Advertising grew in extent and sophistication throughout the Victorian and the Edwardian periods. In part this was a reflection of improved print technologies which made it easier and cheaper to have brand names printed on tins and boxes of household items, and to typeset and to illustrate newspapers and magazines. Companies were able to decorate their tins of toothpaste and bottles of coffee essence with colourful, striking designs printed directly or on to labels. Once the trend for eyecatching brand markings had been established, it would have been difficult for any company to have opted out, as shops now displayed the ranks of colourful tins and packets of their competitors. Customers could choose between Groote's cocoa, Fry's, Cadbury's, or Rowntree's, whose packets and cannisters were all jostling on the shelves. Some of the designs endure as classics, such as those for Camp Coffee, Huntley and Palmer's biscuit tins, and Palmer's sugar, tea, and coffee tins. Given the higher cost of pictures, prints, and furnishings than today, colourful well-designed packaging would have made more of a visual impact as in Edwardian households. Showcards were also produced for trade fairs and became highly collectable items in their own right.
Increased advertising also reflected higher levels of literacy. By the Edwardian period, newspapers and magazines were reaching mass readerships, while the Daily Mirror, the Daily Express, and the Daily Mail were all founded in the 1900s. Newspapers and magazines all relied for income on advertisements, and their pages were full of adverts from everything to pills for the nerves to self-improvement physical exercises. The adverts themselves were often wordier than we would consider normal today. The Nestle Cats postcard in the Edwardian Emporium with its little rhyme gives a good example of this. Nowadays, the emphasis is on slogans and easy to remember catchphrases. Although Edwardian advertisers did use these, they also expected their readers to read more text, such as a paragraph extolling the virtues of their product, sometimes in a laborious or high register style. Manufacturers were not the only ones to advertise; the numerous charitable organisations and self-help societies of the time also did so, as did theatres, music halls, the government, and political parties. The striking design and the ubiquity of Kitchener's famous recruiting poster on the outbreak of war simply encapsulate this trend.
Interesting themes characterised Edwardian advertisments. One was the growing acceptability of military figures on posters and packaging. Earlier in the nineteenth century, soldiers had been associated with roughness and unruliness, but by the Edwardian era, soldiers and sailors on adverts had become very popular, representing upright, efficient, trustworthy figures, who were used to sell almost anything from beer to soap. Many organisations of the boys' brigade type promoted martial behaviour and appearance, encouraged by concerns over national efficiency and a love of pageantry. Domestic servants were also popular figures to represent on advertisments, carrying trays, or using domestic equipments such as cooking ranges. Needless to say, like soldiers, domestic servants could not represent themselves, and so were depicted as unfeasibly clean and unruffled rather than in a life of toil. Another dominant theme of advertisments was medical self-help or self-improvement, in an era when medical care was exclusive and expensive. Some advertisers made expansive claims for their products in a catch-all way, that would not be allowed today. For example, vegetable purifying pills were claimed to ease an array of problems from headaches to dull spirits to a sluggish liver. One concern for the Edwardians was the adulteration of food and even of other items, such as cleaning pastes. So it is common to see adverts warning the reader against inferior products masquerading as their own, or claiming that their own particular brand of mustard or of table salt was free from adulteration. In these cases, a brand represented not so much a lifestyle choice, as a guarantee of safety.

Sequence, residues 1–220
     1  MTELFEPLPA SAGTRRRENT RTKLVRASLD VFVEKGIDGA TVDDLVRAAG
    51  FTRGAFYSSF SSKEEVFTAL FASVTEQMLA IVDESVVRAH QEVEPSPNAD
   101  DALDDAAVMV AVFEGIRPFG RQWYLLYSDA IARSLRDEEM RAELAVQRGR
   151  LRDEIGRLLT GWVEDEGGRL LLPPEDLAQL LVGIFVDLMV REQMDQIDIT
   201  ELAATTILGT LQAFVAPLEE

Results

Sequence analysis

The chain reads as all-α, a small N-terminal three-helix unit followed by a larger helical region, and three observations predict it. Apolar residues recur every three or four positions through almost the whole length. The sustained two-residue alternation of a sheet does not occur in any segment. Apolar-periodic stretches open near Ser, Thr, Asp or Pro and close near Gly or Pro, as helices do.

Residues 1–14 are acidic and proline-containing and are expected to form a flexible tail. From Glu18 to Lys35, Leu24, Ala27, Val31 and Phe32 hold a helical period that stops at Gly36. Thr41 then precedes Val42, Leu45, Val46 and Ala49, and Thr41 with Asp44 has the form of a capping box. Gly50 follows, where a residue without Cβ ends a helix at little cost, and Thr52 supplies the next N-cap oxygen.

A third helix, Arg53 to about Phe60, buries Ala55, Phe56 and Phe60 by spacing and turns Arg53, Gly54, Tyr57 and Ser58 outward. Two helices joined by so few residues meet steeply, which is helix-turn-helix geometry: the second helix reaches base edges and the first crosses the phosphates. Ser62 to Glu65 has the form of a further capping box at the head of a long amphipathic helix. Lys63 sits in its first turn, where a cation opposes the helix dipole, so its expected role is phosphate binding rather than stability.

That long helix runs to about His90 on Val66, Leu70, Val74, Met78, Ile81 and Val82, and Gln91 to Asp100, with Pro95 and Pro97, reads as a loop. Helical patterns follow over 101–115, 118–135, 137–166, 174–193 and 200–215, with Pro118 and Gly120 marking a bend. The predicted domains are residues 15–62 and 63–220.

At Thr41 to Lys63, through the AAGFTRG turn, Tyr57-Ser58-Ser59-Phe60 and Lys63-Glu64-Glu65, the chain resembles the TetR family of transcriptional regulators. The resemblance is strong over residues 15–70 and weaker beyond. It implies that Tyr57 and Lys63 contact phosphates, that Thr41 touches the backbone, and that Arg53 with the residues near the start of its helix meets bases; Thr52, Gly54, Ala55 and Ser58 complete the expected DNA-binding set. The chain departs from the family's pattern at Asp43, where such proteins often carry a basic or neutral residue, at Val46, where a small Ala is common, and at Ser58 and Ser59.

By the Edwardian age, the ubiquity of advertising is striking. Adverts covered packaging, while appearing prominently inside and outside stores, and in newspapers and magazines. They also filled street hoardings, and covered both the inside and outside of trams and omnibuses. In his book, 'Living London', 1900-3, George Sims states that the amount of advertising was such at on railway station walls and on omnibuses, that strangers in London would not be able to make out the names of their destinations. Occasionally, Edwardian advertisments were knowingly self-referential, themselves depicting people reading advertising posters. In the illustration from 'Living London', pictured here, Sims has cleverly included a photograph of his own book being advertised on a London street hoarding.